As a designer who pitches to publishers, you might get away with not considering your audience, but the ensuing lack of focus in your design will make it harder to explain and harder for them to sell, so it’s much more likely to get reskinned, if they pick it up at all. Even an abstract game needs to appeal to an audience, or it won’t work.
Think about what you put on a sell-sheet – who will be attracted by the bait? Who will be caught by the hook? Who wants games with that theme, player count, genre and mechanic, table presence, art style, type of components? This is your target audience!
Deeper even than the topic, theme, etc. is the fact that our game stats state our target audience – player count, age group, time to play – these are all audience parameters. So if your kids’ basketball game has a component count like Mosaic, takes 2 hours per play over a 6-week campaign, requires at least 5 players, and has little or no thematic connection with the rules of basketball, you have an obvious problem.
Thinking about your audience as you design helps build the right game for that audience. Even if that audience changes as you design and test the game, there’s no escaping the fact that games are designed to be played by someone, and making sure that your game will appeal to those people is an intrinsic part of the process, whether you realise and accept it or fight it.
“Audience” vs “target audience”
The last major misunderstanding I think this post had was that there is a difference for an unreleased game between the target audience and the audience in general.
When your game is in development, just like any other product, you are making it for a particular type of user. This might be the child, aged 3-5, playing your game about Teddy Bear Picnics, or the adult, over 21, playing your game about serial killers, or the collector, willing to pay the additional cost for your deluxe edition with miniatures and custom dice.
Once your game goes to market, these are the people you will focus on – the people who fit the criteria you established while developing, testing, researching, and producing your product. Now that it’s available for purchase, you use these criteria to drive marketing campaigns, convince retailers to stock it, and generally sell the game you have made.
Your general audience is made up of all the people out there, who may or may not be interested in your game. They are people who may have just seen a documentary on serial killers, and buy your game on a whim when they wouldn’t have bought it last week, or might think their friend would like it. They might be people who walk past your deluxe game on the shelf and fall in love with the art style, even though they have never before considered a game of that sort. They are people who are walking into a game store for the first time ever, who decide your game will be their first purchase. They are people scrolling on Facebook who see a game about something they didn’t even know they like, and because something clicks in their head, they buy your game. They are also the people who walk right past the game store and have no interest in the ads and ask their friends for the reciept when they receive a baord game as a gift – the audience is literally EVERYONE. So while some of them may become unexpected conversions, many, many more will never even consider buying your game, and may even be offended at seeing it advertised. That’s why you need to target your campaign, because so many people in your overall audience are NOT in your buying audience.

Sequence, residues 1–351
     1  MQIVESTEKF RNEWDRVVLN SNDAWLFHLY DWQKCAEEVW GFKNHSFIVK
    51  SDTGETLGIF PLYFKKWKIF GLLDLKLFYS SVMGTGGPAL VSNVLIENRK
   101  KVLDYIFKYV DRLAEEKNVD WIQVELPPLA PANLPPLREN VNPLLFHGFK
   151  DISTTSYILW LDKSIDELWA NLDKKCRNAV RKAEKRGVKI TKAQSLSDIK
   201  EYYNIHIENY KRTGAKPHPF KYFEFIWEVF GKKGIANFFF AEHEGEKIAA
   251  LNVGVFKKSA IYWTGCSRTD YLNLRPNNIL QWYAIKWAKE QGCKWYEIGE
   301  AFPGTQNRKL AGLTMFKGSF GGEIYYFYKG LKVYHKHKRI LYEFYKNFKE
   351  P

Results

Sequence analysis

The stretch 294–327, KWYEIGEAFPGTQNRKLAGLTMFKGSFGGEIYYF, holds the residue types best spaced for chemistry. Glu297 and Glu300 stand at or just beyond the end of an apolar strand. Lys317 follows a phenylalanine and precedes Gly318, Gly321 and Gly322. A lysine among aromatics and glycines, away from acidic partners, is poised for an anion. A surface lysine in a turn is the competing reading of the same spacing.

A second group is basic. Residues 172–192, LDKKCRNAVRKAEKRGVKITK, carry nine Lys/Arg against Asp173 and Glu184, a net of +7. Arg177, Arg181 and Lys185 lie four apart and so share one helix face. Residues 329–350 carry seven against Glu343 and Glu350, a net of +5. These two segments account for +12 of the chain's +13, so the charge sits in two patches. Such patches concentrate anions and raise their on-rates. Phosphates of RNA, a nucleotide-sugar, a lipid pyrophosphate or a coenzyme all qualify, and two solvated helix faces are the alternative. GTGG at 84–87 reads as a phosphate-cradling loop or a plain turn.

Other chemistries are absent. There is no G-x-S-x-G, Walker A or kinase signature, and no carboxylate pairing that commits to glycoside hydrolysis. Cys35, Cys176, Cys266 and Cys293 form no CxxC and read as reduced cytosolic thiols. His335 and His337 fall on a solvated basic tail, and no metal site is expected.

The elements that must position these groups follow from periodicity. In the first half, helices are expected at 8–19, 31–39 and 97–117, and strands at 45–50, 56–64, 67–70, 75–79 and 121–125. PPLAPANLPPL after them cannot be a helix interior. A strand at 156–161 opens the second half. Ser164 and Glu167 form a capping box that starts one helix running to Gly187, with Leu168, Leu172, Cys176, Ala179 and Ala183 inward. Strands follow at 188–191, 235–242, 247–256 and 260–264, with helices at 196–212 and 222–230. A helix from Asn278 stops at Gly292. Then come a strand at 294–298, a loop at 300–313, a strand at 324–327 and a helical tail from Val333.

If you were to say, for example, “everything has an audience, but it’s not a target audience”, you are therefore both right and wrong. Everything has an audience, but whether it reaches its target audience is up to you. And whether it is a success depends on two factors: if it has reached its target audience, and if that audience has been selected correctly. If both are correct, the stars align and your game becomes a success.
A great example of this is Wingspan, a game about birds. It seems like an obscure topic, and something that shouldn’t be successful, and a lot of gamers (mainly white men who play wargames) are still baffled at its success. The thing is, these gamers don’t understand what kind of people are out there, just waiting for a game that makes them feel interested. In the case of Wingspan, not only is it a reasonably accessible gateway game for people who haven’t played modern boardgames yet, but also, it covers a topic that people know about without realising it – birds. Everyone knows something about birds. Everyone can fairly quickly learn to recognise different birds, so very quickly, they feel smart. Feeling smart makes people enjoy an activity, and when that’s added to a very well-designed game, with good thematic integration, fun components, and a theme that allows for endless expansion, you have a ready-made fandom. Was Wingspan a guaranteed success? Of course not, but the existence of many types of communities that engage with birds, nature, wildlife, and gaming meant that it was a smash hit. It would be fair to say that the target audience was selected correctly, but its size was massively underestimated.
So what I am saying here is this:
Do you HAVE to design your game with every element of your target audience in mind before you start? NO, of course not.
Should you be thinking about who might want to play your game from the first moment that you have the idea? YES – because of course. Thinking about who your player might be is what drives every single decision you make as a designer, whether you realise it or not.
As your game evolves, your relationship with your players deepens – you start to think about whether they will want to play for this long, whether they can read the cards, whether you have too many symbols for them, or if the downtime between turns is too high. Every one of these choices includes referring back to who your player is, and what they want from your game.
There’s nothing prescriptive about a target audience – it simply is. Your choice is whether or not you acknowledge its existence and use this knowledge to fine-tune your game design, or whether you prefer to ignore it in case it stifles your creative process. Both approaches are valid, but neither takes away the fact that a game is designed to be played by a player, and that player is your target audience.